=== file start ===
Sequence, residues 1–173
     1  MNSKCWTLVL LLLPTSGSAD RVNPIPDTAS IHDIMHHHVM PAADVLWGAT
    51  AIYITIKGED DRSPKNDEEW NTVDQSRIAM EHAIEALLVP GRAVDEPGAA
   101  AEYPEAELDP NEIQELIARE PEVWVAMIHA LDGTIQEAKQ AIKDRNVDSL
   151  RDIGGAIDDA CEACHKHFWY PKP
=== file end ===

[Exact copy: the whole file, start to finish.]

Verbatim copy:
Sequence, residues 1–173
     1  MNSKCWTLVL LLLPTSGSAD RVNPIPDTAS IHDIMHHHVM PAADVLWGAT
    51  AIYITIKGED DRSPKNDEEW NTVDQSRIAM EHAIEALLVP GRAVDEPGAA
   101  AEYPEAELDP NEIQELIARE PEVWVAMIHA LDGTIQEAKQ AIKDRNVDSL
   151  RDIGGAIDDA CEACHKHFWY PKP